(2) The Government is further pleased to direct that cases underChapters

(b) onPolice reports, and

(c)without complaint.

VIII to XII of the Code of Criminal Procedure will continue to be instituted in the courts of Sub-Divisional Magistrates and will ordinarily be disposed of by them.'

6. We are of opinion that the said notification purporting to confer powers on First Class Magistrates does not operate to take away the powers which had been conferred upon them by the Criminal Procedure Code; Under Section 133 of the Criminal Procedure Code a First Class Magistrate is empowered to take action without being specially empowered in this behalf and he can do so on his own initiation without the case being transferred to him by any Sub-Divisional Magistrate or District Magistrate.

The second paragraph of the notification may be read only as a desire of the Government that these cases should ordinarily be tried by a Sub-Divisional Magistrate but it does not take away the powers of the First Class Magistrates conferred upon them by the Code.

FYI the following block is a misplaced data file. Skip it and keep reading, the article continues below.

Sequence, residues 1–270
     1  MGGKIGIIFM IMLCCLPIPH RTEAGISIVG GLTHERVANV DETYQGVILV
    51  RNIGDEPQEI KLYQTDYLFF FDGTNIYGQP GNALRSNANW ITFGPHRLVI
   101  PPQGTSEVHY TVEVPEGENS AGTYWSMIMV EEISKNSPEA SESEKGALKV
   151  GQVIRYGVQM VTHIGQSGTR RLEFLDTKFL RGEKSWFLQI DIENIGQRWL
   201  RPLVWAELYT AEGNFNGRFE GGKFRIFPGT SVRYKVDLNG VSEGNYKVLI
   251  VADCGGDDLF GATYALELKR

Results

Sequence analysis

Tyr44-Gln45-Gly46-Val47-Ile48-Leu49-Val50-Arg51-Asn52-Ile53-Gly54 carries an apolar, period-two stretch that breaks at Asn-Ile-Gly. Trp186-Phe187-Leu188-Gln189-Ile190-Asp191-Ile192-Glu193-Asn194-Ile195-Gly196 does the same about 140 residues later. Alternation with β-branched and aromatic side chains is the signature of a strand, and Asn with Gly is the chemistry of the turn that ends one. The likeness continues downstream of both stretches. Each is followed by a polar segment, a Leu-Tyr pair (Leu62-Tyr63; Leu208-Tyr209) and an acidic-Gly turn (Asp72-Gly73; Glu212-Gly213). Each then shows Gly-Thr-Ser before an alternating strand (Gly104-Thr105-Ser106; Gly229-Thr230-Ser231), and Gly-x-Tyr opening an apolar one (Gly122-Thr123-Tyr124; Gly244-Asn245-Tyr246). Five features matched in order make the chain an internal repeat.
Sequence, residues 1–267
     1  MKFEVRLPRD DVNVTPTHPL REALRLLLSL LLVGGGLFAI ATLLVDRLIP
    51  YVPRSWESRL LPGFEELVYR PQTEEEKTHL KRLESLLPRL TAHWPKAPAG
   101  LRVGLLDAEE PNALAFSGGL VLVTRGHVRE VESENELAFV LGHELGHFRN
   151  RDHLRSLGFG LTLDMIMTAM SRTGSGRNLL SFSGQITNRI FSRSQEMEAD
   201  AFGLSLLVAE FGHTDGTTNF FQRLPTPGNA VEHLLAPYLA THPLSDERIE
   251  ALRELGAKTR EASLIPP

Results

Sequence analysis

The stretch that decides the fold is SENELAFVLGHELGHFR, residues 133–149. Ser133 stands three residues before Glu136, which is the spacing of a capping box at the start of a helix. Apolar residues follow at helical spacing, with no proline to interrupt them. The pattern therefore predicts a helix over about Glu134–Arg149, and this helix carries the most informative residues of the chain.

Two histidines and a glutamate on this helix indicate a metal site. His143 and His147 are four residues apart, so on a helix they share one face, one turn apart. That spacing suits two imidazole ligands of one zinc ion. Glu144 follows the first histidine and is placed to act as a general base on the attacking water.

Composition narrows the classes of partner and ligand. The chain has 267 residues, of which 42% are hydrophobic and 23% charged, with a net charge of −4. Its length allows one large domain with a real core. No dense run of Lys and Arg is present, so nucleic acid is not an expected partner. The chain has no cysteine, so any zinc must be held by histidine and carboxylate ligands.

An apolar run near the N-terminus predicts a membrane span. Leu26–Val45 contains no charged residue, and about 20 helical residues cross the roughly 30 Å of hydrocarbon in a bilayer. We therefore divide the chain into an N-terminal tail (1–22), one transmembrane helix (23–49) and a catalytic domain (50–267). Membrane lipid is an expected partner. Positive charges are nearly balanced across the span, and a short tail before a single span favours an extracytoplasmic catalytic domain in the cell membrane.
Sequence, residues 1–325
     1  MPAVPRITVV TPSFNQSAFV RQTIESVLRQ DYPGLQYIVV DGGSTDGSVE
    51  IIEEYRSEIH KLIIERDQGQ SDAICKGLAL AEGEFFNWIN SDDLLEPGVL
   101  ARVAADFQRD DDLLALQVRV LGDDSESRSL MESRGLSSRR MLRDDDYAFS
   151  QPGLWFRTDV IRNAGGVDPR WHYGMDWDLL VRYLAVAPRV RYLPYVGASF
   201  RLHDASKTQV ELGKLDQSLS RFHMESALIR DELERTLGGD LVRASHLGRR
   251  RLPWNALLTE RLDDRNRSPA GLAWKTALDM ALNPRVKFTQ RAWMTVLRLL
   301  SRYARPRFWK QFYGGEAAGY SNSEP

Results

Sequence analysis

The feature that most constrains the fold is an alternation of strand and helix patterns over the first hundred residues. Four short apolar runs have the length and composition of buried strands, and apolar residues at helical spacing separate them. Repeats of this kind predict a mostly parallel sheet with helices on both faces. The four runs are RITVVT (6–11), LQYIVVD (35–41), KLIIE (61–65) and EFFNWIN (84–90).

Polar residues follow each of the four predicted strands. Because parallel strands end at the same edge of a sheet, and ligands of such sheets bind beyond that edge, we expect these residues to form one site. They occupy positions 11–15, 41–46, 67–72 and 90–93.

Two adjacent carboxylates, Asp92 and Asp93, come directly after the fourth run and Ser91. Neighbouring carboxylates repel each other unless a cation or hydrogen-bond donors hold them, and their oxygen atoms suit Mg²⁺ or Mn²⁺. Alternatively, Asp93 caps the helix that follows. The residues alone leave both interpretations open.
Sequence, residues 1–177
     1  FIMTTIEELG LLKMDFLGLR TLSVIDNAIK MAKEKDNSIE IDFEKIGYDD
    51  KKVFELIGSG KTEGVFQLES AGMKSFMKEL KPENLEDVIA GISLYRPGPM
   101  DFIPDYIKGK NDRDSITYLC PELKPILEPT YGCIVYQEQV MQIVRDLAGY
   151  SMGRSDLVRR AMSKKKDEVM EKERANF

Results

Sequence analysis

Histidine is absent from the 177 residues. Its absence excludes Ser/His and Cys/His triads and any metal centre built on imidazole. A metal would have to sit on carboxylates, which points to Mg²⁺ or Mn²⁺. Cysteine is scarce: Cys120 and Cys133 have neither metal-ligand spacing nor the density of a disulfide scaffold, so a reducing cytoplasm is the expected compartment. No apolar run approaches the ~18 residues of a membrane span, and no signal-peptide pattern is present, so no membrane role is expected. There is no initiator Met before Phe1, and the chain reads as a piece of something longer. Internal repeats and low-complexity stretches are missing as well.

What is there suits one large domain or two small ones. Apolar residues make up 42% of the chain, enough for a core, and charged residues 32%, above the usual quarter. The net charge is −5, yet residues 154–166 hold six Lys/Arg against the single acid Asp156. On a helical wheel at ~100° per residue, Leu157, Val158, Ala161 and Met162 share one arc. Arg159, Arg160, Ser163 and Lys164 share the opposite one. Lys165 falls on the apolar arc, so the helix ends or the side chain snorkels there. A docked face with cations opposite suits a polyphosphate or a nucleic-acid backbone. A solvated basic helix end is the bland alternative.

7. There are various matters in Chapters VIII to XII where the jurisdiction of the First ClassMagistrate having ordinary powers is concurrent with the jurisdiction of the Sub-Divisional Magistrate or the District Magistrate. In our opinion these ordinary powers are not affected by the notification although certain additional powers have been conferred upon them.

The present cane under Section 133, Criminal P. C,, is one where a Magistrate First Class can under his ordinary powers granted to him under the Code take action. The judicial notification does not divest and cannot divest the Magistrates of such powers and the second paragraph can only be interpreted as the wish of the Government that the Sub-Divisional Magistrates should not ordinarily transfer cases of the nature referred to in the notification if they are instituted in their courts. (8) On the above interpretation of the judicial notification, the Magistrate, Chirawa had full jurisdiction to entertain the report of Chirawa Police under Section 133, Criminal P. C. and to take action on it and his order directing the parties to produce evidence for an enquiry under Section 139 (A) was well within his jurisdiction.

9. The view taken in the unreported case Kalu v. Chandgi (A), does not appear to be correct.

10. The reference is therefore rejected.